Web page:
One day, when I was still in my teens, a Cadillac Eldorado appeared in the driveway next door. Someone was moving in. I was home alone so I went over to introduce myself. Our new neighbor, Doug, expressed sympathy when I told him about my grandmother who was ill on the other side of town. As she only had a few hours to live, he let me borrow his Eldorado so that I could go and say goodbye. Next morning, the police discovered Doug’s car upside down between second and third on the local baseball field. I retract the statement I gave the newspaper. The car had not been hijacked by Al Capone to carry bootleg liquor. As far as I know, Mr. Capone never visited Saskatchewan. Sorry, Doug. If it provides solace, you should know that your Eldorado went faster around the diamond backwards than my friend’s car did going forward. Also, I must apologize to Grandma who lived to be 101 and who, contrary to what I told the reporter, never drove for Mr. Capone.

It’s time to acknowledge my new sweetheart, Linda who, unlike Mildred, says that she will stay by my side.

Once, in Vancouver, a young lady named Daphne sat in front of me at Super-Star Wrestling. Rest assured, Daphne, there is no evidence whatsoever that the shape of one’s earlobe can forecast a severe gynecological disorder. Despite my claim, I am not a member of the medical profession. I admit that using the wrestler’s locker room to perform a complete anatomical examination did not conform to accepted protocol. I am genuinely remorseful. As well, I must say sorry to Death Blow Krakowski. I had no idea that Daphne was your fiancée. You both should know that it didn’t take long to walk again once the body cast was removed.

Linda has proven unshakeable. A belated thanks to Linda’s husband, David. I understand that it was your savings she borrowed to help me get back on my feet. I pledge full restitution once I find work and deal with the divorce settlement.

Speaking of work, I must express my regret to Mr. Tom Moore, formerly of Moore Van Lines. I acknowledge that my proficiency as a driver was not quite what I stated on the application. My experience was actually confined to the time I was given a ride by a man named Antoine who asked me to sit behind the wheel and keep watch while he and his girlfriend tested a mattress in the back of his pickup. I am now aware that this event was not proper qualification to take the wheel of a semitrailer. I need also confess to the small fib I told the police that voided Mr. Moore’s policy. I regret that he became personally liable for the injuries that occurred during the pileup. Tom, I sincerely hope that your family is getting by okay. I didn’t know that you had been released or that you were living on the street.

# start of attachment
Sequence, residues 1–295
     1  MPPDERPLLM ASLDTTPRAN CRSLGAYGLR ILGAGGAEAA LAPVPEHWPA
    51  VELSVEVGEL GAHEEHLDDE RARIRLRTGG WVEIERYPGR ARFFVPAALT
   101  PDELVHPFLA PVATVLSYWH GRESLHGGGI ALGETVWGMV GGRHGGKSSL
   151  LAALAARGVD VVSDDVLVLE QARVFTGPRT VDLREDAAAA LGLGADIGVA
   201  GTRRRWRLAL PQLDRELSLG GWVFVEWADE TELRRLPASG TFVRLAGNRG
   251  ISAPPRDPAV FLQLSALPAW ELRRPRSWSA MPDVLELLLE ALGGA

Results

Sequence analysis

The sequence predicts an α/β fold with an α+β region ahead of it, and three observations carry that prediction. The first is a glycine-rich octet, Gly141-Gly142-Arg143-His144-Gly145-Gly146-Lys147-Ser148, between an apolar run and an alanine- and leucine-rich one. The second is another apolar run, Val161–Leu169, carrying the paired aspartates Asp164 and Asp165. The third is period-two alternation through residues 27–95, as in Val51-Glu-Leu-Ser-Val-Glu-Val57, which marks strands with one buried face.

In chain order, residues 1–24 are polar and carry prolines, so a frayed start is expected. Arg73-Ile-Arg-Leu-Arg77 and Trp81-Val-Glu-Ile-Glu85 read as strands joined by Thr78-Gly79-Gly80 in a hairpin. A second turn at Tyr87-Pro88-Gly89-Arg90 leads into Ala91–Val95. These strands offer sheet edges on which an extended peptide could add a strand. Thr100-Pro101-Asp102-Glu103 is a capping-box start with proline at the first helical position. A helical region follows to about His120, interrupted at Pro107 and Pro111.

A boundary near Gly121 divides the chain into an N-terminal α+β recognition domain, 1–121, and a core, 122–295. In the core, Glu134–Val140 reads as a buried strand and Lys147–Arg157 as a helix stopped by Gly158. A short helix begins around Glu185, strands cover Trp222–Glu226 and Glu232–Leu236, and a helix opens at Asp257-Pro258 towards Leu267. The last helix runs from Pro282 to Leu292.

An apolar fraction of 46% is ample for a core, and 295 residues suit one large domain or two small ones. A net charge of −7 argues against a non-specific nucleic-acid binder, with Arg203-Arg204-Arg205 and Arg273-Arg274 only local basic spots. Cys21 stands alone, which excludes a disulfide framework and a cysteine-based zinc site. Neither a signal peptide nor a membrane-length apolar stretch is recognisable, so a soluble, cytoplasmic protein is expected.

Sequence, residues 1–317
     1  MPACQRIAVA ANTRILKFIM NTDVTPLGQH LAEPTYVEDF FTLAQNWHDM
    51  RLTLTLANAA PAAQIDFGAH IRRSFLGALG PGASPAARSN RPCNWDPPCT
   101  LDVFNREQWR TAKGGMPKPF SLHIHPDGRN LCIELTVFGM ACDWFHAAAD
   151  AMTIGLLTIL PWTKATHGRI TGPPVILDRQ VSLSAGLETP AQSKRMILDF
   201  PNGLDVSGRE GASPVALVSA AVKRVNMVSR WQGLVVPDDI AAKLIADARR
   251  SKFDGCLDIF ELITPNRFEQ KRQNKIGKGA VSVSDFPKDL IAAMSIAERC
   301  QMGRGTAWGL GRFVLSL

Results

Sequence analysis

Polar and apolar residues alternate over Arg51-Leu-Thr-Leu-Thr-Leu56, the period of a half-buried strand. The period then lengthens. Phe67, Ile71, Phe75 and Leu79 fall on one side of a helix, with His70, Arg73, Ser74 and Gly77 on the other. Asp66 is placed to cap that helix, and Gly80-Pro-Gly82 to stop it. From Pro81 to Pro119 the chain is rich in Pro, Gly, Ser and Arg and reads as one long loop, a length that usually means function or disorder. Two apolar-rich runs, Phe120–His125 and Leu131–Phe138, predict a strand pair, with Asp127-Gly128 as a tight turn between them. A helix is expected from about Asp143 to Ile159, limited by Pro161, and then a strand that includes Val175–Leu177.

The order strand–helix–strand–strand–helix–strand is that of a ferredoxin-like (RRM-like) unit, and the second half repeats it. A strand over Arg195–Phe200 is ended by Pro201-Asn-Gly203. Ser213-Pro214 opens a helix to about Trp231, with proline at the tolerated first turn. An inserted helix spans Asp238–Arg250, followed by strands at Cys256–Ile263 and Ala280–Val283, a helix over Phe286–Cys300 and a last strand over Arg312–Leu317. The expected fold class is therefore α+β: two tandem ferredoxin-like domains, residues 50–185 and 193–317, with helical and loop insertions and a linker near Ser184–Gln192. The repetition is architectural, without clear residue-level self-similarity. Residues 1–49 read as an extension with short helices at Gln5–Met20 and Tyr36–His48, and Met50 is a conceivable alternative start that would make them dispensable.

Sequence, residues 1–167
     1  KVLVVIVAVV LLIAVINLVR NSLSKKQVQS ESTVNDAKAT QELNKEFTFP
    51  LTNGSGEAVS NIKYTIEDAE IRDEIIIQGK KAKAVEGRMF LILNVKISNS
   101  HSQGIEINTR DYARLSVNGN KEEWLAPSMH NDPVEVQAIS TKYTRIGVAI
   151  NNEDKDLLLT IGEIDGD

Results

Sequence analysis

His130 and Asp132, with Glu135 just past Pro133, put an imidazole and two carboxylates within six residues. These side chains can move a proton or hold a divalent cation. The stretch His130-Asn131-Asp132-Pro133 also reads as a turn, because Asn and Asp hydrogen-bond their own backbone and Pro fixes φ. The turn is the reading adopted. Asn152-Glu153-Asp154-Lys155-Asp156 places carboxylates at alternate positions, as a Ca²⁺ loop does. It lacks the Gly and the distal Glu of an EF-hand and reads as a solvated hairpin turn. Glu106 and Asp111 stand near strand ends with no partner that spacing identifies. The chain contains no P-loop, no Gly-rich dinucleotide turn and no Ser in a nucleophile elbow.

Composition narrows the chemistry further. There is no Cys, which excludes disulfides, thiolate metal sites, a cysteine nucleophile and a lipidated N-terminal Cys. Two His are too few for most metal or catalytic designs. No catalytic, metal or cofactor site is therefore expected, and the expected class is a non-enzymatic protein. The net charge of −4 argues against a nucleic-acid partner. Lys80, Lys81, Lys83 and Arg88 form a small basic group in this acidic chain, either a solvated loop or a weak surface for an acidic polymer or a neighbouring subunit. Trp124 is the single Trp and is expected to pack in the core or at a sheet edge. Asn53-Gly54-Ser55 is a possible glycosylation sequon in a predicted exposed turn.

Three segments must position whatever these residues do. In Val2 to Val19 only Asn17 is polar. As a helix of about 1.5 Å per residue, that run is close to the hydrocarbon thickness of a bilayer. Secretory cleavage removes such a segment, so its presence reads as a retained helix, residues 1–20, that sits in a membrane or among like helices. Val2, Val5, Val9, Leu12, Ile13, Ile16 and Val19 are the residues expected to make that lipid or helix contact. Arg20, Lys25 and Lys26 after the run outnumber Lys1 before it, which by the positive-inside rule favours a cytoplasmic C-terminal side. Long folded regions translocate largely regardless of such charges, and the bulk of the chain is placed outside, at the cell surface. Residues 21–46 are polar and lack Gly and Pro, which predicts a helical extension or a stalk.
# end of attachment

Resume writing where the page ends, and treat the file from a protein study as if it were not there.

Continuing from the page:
I must publicly give credit to my new wife, Alicia. It was her tenderness that boosted me out of the pit of despair that I tumbled into when Linda returned to her husband, David. Linda, I can never thank you and David enough for depleting your retirement fund on my behalf.

I mustn’t close before I apologize to my son Warren who has always been frail. I now comprehend that likening your singing to the bawling of a hungry calf just when you were beginning your musical career may have something to do with your present situation. I trust they are treating you well in the home.

And last, I need to ask your forbearance, Alicia. I thought that being named in a paternity suit by your Aunt Esther in 1968 was all water under the bridge.


These are just a few samples from one Canadian. Now, if my fellow countrymen will apologize for their own missteps, our hearts should overflow with patriotic fervor as the country’s stature skyrockets.

Happy Belated Birthday, Canada!

The End